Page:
It may be observed in a general way that in the area of insurance law, hardship cases produce exceptions to established contract principles. Sometimes there is plain evidence that the insurance company is taking unfair advantage of the insured by relying on technical provisions of the policy, the so-called "fine print." In such cases, the courts are naturally eager to find exceptions and doctrines of waiver and estoppel and the like are stretched to the outermost limits. This is not such a case. The automatic sprinkler endorsement was of the essence of the policy. It resulted in a premium rate approximately one-eighth the rate for non-sprinklered business premises. It was specifically bargained for by the insured and was discussed at about the time the policy was delivered. It was again called to the insured's attention when construction was underway. The unsprinklered areas were damaged by fire while the sprinklered areas were not. Law and equity require that the insurers be permitted the protection of the unambiguous policy warranty under these circumstances.

This Court cannot infer from either Mr. Nadeau's conduct or the report that the insurer American intended to waive the warranty in the policy. Moreover, there is no evidence that Harvey's was misled to its detriment. Therefore, this Court finds that plaintiffs are not liable on their policies for business interruption costs incurred by Harvey's as a result of damage caused by the May 15, 1973 fire. Accordingly,

It hereby is ordered that judgment shall be entered in favor of plaintiffs and against defendant.


[1] "Conditions suspending or restricting insurance. Unless otherwise provided in writing added hereto this Company shall not be liable for loss occurring (a) while the hazard is increased by any means within the control or knowledge of the insured * * *."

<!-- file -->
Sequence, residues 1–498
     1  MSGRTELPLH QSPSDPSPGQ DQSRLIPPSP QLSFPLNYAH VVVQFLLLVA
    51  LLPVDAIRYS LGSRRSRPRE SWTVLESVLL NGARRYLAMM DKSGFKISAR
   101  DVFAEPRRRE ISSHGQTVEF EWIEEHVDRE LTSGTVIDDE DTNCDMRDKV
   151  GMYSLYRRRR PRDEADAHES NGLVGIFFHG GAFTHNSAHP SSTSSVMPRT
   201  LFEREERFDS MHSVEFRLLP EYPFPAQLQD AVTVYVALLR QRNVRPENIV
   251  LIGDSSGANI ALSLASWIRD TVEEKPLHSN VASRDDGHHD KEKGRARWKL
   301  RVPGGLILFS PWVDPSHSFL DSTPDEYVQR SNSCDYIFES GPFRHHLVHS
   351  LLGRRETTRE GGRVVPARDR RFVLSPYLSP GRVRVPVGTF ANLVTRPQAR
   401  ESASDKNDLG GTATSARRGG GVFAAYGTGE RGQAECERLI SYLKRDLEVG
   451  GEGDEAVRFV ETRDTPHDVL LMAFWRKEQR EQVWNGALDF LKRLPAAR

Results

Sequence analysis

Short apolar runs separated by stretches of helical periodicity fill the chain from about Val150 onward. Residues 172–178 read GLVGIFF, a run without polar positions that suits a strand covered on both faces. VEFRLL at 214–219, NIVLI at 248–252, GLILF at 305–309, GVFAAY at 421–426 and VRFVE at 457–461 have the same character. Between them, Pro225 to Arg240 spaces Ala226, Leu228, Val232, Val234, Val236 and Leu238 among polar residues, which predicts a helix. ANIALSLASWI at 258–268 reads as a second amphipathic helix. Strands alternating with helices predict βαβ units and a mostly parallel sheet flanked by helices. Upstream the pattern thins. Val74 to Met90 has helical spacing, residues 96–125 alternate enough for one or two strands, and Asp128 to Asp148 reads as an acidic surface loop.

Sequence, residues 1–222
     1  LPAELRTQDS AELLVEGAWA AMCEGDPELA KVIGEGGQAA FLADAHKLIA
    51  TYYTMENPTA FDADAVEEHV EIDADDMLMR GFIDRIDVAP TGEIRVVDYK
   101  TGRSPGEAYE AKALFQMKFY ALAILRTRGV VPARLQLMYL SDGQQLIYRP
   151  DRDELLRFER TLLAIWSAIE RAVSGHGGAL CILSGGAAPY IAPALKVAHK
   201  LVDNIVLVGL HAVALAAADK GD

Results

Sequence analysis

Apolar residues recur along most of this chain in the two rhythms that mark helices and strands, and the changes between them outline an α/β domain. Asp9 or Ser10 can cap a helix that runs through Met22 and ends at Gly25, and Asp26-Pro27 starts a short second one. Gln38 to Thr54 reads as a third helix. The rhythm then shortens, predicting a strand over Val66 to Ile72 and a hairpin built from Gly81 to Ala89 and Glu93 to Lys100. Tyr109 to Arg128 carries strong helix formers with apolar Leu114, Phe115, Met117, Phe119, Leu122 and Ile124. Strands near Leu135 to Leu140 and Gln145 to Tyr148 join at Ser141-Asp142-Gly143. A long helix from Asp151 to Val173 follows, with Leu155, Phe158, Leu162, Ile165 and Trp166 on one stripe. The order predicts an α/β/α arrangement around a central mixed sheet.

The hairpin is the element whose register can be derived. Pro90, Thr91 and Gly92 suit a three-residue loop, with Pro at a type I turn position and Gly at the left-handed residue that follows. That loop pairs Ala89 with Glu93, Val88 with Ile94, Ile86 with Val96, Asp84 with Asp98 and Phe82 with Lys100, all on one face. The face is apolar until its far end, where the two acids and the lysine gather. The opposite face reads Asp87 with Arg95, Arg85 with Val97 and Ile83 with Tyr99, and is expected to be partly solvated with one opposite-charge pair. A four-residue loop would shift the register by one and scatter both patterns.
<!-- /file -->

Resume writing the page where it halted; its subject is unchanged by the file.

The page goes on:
[2] "PERMITS AND AGREEMENTS CLAUSE Permission granted: (a) For such use of the premises as is usual and incidental to the business conducted therein and for existing and increased hazards and for change in use or occupancy except as to any specific hazard, use or occupancy prohibited by the express terms of this policy or by any endorsement thereto * * * (c) For the building(s) to be in the course of construction, alteration, or repair, all without limit of time and to build additions thereto, and this policy, under its respective item(s) shall cover the Business Interruption value of such additions in contact with the described building(s); but if any building herein described is protected by automatic sprinklers, this permit shall not be held to include the reconstruction or the enlargement of any building so protected, without the consent of this company in writing. This permit does not waive or modify any of the terms of conditions of the Automatic Sprinkler Clause (if any) attached to this policy. Nothing herein contained shall be construed to extend the term of this policy."

[3] See note 1, supra.